November 13, 2021 at 7:33 p.m.

A lucky calf for a kid

Swensons provide animal for Dairy Star giveaway
Forest Lawn Select 3777 is a September calf that the Swensons are providing for The Great Christmas Giveaway 2021, in the 17 and under category.  PHOTO BY RUTH KLOSSNER
Forest Lawn Select 3777 is a September calf that the Swensons are providing for The Great Christmas Giveaway 2021, in the 17 and under category. PHOTO BY RUTH KLOSSNER

By Jennifer Coyne- | Comments: 0 | Leave a comment

NICOLLET, Minn. – As Paul Swenson passes through the calf barn, one little heifer with the ear tag No. 3777 is coined Lucky Seven. And for one child this Christmas season, she is sure to bring luck.
“This is the fanciest calf in the pen,” Paul Swenson said. “We’re confident someone should have a really good calf for the show season.”
 Swenson and his family – wife Cindy, daughter Ashley and son-in-law David – are providing Forest Lawn Select 3777 as one of the grand prizes in The Great Christmas Giveaway 2021, in the 17 and under category.
The Swensons milk 265 registered Holsteins at Forest-Lawn Holsteins near Nicollet.
This calf is a September heifer out of Avant-Garde Unix Select-ET, a bull which is part of Select Sires’ Showcase sires, with her dam being a daughter out of Our-Favorite Undenied-ET, another Showcase sire.
“We had some kids lease Undenied heifers the last couple of years and they did well,” Swenson said.
When the dam was genomic tested as a calf, she became the highest test on the farm for type, said the Nicollet County dairyman.  
“We genomic test all of our calves, but we don’t have this test back yet (as of Nov. 3),” he said. “We also select for high type bulls, so genomic-wise, this calf should be as good as anything we have.”
The calf is the result of a small portion of the Forest-Lawn herd that is bred specifically for show.
Within the herd, the Swensons follow two breeding programs; two that align with their ideals as registered dairy producers and dairy producers who want to develop the most productive, efficient milking herd as possible. The majority of the herd is bred with the high genomic net merit bulls, typically young sires, while a select 15% of the herd are bred to show-type bulls.
“It doesn’t work to stick a high net merit bull with a high type animal,” Swenson said. “You’ll just get an average net merit with an average show type. We breed each group separately to get the best from both.”
Following that breeding strategy has served the family well over the years.
As of late, the Swensons have sold embryos from high net merits cows to Chinese dairy farmers. Those farmers are looking to purchase registered genetics, and in that market, embryos are more important than a calf on the ground.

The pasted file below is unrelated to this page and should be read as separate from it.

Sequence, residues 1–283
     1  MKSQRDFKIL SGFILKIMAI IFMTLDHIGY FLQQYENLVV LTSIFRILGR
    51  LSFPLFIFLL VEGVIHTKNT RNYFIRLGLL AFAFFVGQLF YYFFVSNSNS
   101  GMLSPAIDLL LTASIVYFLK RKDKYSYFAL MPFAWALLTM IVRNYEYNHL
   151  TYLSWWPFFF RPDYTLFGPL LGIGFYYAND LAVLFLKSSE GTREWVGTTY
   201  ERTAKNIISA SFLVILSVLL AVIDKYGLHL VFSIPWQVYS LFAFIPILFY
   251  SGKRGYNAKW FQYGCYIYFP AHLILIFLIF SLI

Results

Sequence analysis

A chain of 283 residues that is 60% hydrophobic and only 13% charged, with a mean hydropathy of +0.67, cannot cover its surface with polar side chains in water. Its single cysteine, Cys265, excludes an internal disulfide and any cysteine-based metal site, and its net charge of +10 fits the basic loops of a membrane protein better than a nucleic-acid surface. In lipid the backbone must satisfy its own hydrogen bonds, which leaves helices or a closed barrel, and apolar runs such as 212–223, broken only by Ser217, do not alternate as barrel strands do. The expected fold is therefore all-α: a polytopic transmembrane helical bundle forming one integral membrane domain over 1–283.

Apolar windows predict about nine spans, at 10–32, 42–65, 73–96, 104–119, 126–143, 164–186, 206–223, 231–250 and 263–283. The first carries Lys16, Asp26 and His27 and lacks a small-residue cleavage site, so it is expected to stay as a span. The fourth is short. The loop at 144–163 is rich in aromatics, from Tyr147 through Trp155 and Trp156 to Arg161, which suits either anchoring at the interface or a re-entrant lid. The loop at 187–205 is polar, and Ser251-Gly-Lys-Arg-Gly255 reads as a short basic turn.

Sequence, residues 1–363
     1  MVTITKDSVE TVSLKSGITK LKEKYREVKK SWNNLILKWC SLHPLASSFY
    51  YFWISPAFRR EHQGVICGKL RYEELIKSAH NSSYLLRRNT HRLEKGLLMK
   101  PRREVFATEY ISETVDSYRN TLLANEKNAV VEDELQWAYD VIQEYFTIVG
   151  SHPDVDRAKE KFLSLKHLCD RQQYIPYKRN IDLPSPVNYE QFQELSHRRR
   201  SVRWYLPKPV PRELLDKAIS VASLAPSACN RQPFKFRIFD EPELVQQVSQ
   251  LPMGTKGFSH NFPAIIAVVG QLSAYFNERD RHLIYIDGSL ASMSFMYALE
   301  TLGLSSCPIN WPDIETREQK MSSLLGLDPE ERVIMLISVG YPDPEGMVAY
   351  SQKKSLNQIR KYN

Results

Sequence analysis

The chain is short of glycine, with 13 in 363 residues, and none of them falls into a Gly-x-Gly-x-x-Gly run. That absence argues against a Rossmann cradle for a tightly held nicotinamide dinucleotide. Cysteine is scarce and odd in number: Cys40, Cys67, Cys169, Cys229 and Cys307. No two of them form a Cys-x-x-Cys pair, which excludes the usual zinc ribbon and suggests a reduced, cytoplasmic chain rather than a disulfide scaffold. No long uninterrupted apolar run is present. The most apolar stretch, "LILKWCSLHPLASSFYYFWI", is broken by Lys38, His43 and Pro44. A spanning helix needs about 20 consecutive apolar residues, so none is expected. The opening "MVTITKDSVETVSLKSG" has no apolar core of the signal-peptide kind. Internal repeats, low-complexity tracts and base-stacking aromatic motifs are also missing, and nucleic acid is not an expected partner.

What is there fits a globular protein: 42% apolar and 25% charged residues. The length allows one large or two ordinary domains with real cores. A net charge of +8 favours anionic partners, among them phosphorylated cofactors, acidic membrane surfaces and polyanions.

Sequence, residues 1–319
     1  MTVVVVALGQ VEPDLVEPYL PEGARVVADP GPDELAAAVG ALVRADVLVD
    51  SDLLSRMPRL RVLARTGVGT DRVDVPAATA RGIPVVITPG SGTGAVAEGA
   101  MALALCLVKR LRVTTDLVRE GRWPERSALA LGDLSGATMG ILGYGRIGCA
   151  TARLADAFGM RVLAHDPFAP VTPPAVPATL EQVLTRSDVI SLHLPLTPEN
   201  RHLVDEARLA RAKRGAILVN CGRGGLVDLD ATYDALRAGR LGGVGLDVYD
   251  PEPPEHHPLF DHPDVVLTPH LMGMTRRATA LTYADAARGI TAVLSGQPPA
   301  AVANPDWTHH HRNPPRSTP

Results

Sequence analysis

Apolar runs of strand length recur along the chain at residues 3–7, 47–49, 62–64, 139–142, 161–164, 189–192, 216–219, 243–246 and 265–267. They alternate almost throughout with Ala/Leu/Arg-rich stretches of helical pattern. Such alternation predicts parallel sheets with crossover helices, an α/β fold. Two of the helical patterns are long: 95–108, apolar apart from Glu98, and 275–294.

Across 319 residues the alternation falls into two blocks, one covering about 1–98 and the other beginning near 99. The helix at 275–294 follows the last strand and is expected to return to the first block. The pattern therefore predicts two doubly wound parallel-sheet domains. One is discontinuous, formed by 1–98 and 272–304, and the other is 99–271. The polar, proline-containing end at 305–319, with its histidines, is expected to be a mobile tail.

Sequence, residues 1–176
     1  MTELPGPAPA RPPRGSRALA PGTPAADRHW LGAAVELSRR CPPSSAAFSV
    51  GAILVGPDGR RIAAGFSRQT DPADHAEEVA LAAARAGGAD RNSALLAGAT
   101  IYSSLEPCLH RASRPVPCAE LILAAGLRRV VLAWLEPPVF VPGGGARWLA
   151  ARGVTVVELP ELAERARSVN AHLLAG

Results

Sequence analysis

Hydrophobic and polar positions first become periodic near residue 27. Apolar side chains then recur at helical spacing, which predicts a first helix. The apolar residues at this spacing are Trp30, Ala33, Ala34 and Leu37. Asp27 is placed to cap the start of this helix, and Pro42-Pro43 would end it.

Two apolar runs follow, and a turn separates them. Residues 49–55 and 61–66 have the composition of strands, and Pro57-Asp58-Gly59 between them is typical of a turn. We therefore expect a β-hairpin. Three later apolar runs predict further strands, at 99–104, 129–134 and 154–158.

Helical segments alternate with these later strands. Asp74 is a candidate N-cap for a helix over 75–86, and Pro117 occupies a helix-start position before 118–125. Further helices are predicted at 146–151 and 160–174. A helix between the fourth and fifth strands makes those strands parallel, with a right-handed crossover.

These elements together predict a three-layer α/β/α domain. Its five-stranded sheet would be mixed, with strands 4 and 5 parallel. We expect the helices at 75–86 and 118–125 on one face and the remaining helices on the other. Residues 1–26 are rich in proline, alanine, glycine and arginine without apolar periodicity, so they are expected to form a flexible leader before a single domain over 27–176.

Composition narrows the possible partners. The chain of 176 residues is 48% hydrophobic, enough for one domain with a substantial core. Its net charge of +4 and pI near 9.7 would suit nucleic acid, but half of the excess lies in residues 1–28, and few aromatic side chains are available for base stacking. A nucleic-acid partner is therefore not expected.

“That’s been working out good with Ashley in the embryo transfer business,” Swenson said.
With the show cattle, the Swensons will have people stop by the farm to view the animals before purchasing.
Up until a decade ago, a significant portion of the Swensons’ farm profits also came from selling breeding bulls. This practice has since subsided with the emphasis on artificial insemination and other breeding technologies, and the changing size of dairy farms.
“For a number of years, we would sell four to five bulls at a time,” Swenson said. “But with the liability of working with bulls, it’s been better for the industry to move to A.I.”
Forest-Lawn Holsteins has always been a registered herd, and the Swensons’ rich history in the industry dates back to 1883 when Swenson’s great-great-grandfather purchased the farm’s first registered bull. Two years later, the farm acquired two registered cows that became the foundation of Forest-Lawn Holsteins.
To date, the farm is the oldest registered herd in Minnesota and the oldest continuous registered herd across the United States.
“It’s somewhat of a tradition for us,” Swenson said.
Aside from a way of life for the family, breeding registered cattle has provided the Swensons with another avenue for income in the dairy industry. It has also greatly progressed the herd.  
“It’s made us concentrate on the genetics of our herd,” Swenson said. “We’ve always followed the pedigrees and put genetics at a pretty high importance. Because of that, our herd’s productivity has been that much better.”
The Swensons’ farm is structured as a partnership between Paul, Cindy and Ashley, with David being employed on the farm; David also farms with his family near Goodridge. The crew is milking 260 cows with four robots they installed eight years ago. They recently added an additional 50 stalls to the freestall barn, renovated all existing stalls from waterbeds to deep-bedded sand and replaced the lagoon with a concrete bottom.
These upgrades, among others, will help maximize the productivity of the farm’s technology and help the herd become as efficient and profitable as possible, as the sixth generation of Swensons makes themselves a larger part of the operation.
“Ashley is 100 percent interested in taking over,” Swenson said. “We’re making (this farm) as efficient as possible because that’s what’s going to make it possible to milk cows going forward. That’s how we’re going to stay in the industry.”
Just as the Swensons have created a legacy for themselves in the industry with the reputation of their herd, they hope this September heifer can do the same by providing a young dairy enthusiast with a calf that will prove itself for years to come.
“I call her Lucky Seven for a reason,” Swenson said. “She should make a very nice calf and grow up to be a very nice cow.”


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